Kansas State University plant pathologist David Cook is working to develop a technology that would target DNA and RNA viruses in farm crops.
Kansas State University researcher begins quest for new virus-resistant plant technology
$1M grant will fuel work to combat RNA viruses in farm crops
July 17, 2017
MANHATTAN, Kan. — A Kansas State University researcher is setting off on an ambitious quest to develop a technology that would provide greater resistance to viruses and pathogens in common farm crops.
David Cook, an assistant professor in plant pathology, has received just under $1 million from the Defense Advanced Research Projects Agency (DARPA) to pursue an idea that would target viruses through their ribonucleic acid, or RNA.
In biological terms, RNA is the delivery mechanism for deoxyribonucleic acid, or DNA, which contains the genetic 'blueprint' of a living organism.
DARPA is the research arm of the U.S. Department of Defense, located in the Defense Sciences Office. Cook said the group has been funding more projects in biology and agriculture recently, with an eye on protecting the country from acts of bioterrorism and related threats.
Viruses come in different forms, with some storing their information in the form of RNA and others in the form of DNA (deoxyribonucleic acid). Current methods to combat these viruses using plant resistance take significant amounts of time and many viruses change to avoid control.
“We think we can develop a novel approach to target both DNA and RNA viruses,” Cook said of his idea to develop the technology. “It should be quicker and allow us to create plants that are resistant to many viruses. And we are thinking of ways to mitigate virus evolution to make the system last a bit longer.”
Most viruses are hardy little fellows. Once they encounter resistance, they’re smart enough to find a way around the resistance, constantly changing in order to survive. For plant scientists, that creates an ever-present challenge to build new forms of resistance.
Cook’s three-year project will use a well-known technology called the clustered regularly interspersed short palindromic repeats, or simply CRISPR technology.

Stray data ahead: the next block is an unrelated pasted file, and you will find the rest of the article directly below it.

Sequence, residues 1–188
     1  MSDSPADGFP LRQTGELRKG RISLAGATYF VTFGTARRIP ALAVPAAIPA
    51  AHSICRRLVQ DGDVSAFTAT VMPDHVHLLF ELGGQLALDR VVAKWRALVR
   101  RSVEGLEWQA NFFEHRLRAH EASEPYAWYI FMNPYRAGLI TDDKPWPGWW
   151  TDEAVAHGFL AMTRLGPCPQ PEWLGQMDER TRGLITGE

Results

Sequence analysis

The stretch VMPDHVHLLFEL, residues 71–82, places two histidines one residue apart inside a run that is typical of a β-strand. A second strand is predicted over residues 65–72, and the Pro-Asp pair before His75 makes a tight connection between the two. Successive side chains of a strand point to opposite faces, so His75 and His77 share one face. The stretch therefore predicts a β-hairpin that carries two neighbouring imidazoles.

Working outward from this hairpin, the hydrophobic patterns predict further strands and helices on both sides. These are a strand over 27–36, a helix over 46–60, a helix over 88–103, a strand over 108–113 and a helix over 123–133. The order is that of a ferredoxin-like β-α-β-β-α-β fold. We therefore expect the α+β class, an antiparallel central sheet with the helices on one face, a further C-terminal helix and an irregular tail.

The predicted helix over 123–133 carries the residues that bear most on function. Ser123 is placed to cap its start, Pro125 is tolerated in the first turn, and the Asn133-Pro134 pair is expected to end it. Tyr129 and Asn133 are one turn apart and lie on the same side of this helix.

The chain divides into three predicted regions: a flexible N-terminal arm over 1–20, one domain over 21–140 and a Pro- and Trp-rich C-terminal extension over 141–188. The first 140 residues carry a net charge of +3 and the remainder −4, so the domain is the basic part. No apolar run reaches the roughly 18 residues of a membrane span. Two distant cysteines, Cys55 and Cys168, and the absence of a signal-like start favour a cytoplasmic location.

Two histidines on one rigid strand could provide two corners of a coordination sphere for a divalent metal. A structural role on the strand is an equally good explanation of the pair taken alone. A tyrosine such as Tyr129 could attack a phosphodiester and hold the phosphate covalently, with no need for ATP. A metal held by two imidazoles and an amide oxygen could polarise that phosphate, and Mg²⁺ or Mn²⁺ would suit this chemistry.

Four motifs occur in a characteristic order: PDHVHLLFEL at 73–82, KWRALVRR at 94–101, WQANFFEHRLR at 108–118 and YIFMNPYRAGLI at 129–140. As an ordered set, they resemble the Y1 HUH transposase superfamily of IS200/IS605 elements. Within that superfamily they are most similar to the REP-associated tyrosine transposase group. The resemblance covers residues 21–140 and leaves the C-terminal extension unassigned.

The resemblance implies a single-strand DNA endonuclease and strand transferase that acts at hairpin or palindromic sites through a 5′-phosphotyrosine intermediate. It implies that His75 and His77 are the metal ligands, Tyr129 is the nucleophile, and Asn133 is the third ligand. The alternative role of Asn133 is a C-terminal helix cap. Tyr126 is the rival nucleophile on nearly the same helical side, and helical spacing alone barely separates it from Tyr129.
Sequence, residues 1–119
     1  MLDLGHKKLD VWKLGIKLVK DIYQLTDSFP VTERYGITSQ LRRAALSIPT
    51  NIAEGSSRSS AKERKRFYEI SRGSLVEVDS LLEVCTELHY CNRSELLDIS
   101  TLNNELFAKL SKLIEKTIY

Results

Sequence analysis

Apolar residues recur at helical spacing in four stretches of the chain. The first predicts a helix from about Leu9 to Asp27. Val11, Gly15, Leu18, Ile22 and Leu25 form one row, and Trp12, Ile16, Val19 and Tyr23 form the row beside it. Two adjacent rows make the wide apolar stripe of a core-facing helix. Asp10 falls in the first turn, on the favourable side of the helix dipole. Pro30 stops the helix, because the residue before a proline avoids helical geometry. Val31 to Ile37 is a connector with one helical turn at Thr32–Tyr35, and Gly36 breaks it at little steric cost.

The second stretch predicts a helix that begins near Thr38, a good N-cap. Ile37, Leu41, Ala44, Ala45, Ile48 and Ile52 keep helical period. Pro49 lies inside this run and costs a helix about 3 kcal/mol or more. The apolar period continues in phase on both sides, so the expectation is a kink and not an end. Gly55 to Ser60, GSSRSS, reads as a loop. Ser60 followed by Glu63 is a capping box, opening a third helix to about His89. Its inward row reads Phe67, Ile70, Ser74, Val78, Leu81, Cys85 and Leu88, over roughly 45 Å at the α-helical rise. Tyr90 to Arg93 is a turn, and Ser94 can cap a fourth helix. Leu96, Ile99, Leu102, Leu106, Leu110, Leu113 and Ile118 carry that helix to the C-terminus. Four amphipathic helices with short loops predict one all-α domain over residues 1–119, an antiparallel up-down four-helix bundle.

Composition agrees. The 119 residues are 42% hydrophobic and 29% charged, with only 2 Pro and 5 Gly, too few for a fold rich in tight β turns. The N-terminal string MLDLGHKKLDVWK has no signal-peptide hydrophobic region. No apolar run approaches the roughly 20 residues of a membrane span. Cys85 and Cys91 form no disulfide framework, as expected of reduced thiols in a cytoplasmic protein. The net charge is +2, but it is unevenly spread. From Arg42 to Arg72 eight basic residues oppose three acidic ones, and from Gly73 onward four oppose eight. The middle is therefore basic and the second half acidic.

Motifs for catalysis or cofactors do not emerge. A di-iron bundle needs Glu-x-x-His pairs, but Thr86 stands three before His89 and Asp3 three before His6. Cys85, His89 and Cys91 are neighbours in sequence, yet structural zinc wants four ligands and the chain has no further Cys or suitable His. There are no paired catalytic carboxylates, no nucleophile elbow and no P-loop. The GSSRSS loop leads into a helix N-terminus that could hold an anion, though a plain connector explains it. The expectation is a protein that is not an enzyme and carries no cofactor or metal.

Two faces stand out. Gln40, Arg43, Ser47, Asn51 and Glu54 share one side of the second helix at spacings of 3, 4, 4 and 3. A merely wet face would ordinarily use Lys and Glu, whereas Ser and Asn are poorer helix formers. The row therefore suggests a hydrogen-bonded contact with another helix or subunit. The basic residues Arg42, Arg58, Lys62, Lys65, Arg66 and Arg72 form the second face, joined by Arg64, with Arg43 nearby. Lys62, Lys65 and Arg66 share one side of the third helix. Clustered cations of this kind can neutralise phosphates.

“The CRISPR system was discovered in the late ‘80s, but it has really exploded in the last 5-10 years, sometimes called the ‘CRISPR Craze,’” Cook said. “The idea of using these systems to edit DNA has been rapidly moving. Somebody changed the system to target RNA in humans, and that’s one of the things that got me thinking about its use for plants.
“I looked into how they did it, and it’s not feasible in plants and the way we would want to use it. But it got me thinking that this would be really powerful technology and we could certainly use it for plant improvement. There are a lot of technological challenges that have to be dealt with to make it work.”
Cook and his team will begin trials immediately using the model plant, Nicotiana benthamiana, which will allow them to rapidly test the technology numerous times.
“We have our ideas of what’s going to work,” Cook said. “We’ll test it in a system against a couple of RNA and DNA viruses that represent important viral pathogens, and go from there.”
If it goes well, Cook said a short-term goal is to introduce the technology into soybeans in about three years: “The goal is that in three years we could have an economically important crop, where this system is in there and providing resistance to a couple of viruses,” he said.
“We’re trying to make quick technical progression to show that we can do this in diverse plants. This would clearly be a success if we could deliver this in a couple of years.”
The resulting varieties would be classified as genetically modified organisms, so Cook noted that they will undergo intense regulatory scrutiny before they would be made available for farmers’ fields.
“With minor modifications this technology could be put into any plant to protect against any virus,” Cook said. “That would certainly be the long-term goal.”
Aside from providing resistance to RNA viruses, Cook thinks it is possible to use CRISPR to find ways to improve a plant’s observable characteristics, such as its shape or height.
“We may be able to control many plant phenotypes using our new approach,” he said. “A long-term goal is to have these two systems working in the plant – viral resistance and controlling plant genes – and that these systems could even sort of talk to each other.”
He added: “Science is about incremental progress. It’s clearly a big task, but we’ll try to break it down into small tasks.”